CN: Do you plan to come back to Brazil or do a similar program after this experience?


AI: I would love to. After I graduate, if I can save up some money and pay up my student loans I would def go back.


AC: And my long term goal was eventually to teach in Brazil – teach English in Brazil. English and German are two of the biggest growing languages, esp in terms of business. I feel that right now I’m not ready to teach English as a second language because there are so many grammatical things that you need to know, but long term I would love to live and teach in Brazil for at least a couple of years, get to know more abt the comm, abt the sch structure there. Part of the reason why Scott founded the Favela program the inequality there btw the Favela vs the city. Education was not the same – you are not forced to go to school like you are here in the States. A lot of the time students would just not have the money or time to go to school. So I would definitely want to go and study the way that the school structure is set up in Brazil.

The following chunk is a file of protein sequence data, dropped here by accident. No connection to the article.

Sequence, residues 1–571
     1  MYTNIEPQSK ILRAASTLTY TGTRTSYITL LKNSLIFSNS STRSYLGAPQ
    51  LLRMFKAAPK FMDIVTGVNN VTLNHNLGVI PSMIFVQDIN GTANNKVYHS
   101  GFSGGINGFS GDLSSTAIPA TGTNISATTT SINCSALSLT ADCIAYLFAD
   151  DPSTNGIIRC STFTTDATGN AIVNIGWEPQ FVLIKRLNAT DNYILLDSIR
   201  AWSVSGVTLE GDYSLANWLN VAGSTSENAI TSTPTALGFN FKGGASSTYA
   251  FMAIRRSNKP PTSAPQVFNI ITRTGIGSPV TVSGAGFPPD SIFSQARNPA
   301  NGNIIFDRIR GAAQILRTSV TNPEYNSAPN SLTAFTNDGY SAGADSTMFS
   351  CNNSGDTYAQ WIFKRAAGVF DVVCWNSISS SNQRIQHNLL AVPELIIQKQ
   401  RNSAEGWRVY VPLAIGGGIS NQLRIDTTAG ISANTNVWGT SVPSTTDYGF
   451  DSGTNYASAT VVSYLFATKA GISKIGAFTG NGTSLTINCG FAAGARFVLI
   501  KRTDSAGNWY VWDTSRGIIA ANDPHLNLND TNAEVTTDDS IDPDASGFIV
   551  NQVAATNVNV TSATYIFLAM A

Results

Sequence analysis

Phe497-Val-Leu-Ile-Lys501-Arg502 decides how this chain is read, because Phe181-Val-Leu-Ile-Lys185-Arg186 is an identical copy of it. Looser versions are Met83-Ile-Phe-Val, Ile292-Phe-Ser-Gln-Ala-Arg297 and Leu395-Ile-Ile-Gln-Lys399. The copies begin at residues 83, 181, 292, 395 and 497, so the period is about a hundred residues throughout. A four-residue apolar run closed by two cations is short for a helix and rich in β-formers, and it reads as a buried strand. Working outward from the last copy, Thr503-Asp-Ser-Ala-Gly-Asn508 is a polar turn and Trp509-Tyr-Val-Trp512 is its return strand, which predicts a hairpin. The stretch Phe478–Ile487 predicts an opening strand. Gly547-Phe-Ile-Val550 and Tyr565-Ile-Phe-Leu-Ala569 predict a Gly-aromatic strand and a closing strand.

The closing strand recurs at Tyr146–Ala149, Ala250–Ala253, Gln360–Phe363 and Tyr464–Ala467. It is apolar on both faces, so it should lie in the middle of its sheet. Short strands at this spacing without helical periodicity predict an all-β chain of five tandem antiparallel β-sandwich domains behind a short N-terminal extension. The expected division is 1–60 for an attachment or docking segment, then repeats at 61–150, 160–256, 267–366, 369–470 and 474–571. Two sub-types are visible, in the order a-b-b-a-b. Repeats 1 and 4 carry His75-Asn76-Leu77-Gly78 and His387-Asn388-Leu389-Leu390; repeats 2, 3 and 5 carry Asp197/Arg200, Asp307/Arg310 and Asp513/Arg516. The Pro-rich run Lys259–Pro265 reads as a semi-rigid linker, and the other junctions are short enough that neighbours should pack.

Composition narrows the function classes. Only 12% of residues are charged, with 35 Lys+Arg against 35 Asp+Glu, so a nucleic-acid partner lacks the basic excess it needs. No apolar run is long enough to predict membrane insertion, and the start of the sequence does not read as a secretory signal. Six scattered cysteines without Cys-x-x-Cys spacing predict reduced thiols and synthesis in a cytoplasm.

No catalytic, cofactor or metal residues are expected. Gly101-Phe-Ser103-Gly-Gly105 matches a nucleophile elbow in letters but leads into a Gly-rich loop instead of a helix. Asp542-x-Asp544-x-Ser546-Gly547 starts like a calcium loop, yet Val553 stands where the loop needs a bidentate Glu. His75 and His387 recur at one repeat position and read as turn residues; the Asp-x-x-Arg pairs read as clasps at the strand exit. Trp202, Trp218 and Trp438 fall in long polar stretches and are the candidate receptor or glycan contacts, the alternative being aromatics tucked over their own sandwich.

CN: Thank you guys so much for your insights!



Internship at ESPN – The Stuart Scott internship


ESPN and the National Association of Black Journalists (NABJ) are accepting applications for the newly created Stuart Scott internship at ESPN.

The internship begins this summer and is offered in memory of ESPN sportscaster Stuart Scott for his many contributions to sports journalism. The longtime ESPN anchor died Jan. 4, 2015 after a long battle with cancer.

The internship is paid and housing is available. The NABJ Sports Task Force, which promotes diversity in America’s sports departments and creates programming to develop the next wave of America’s sports journalists, will work with ESPN to select candidates for the program.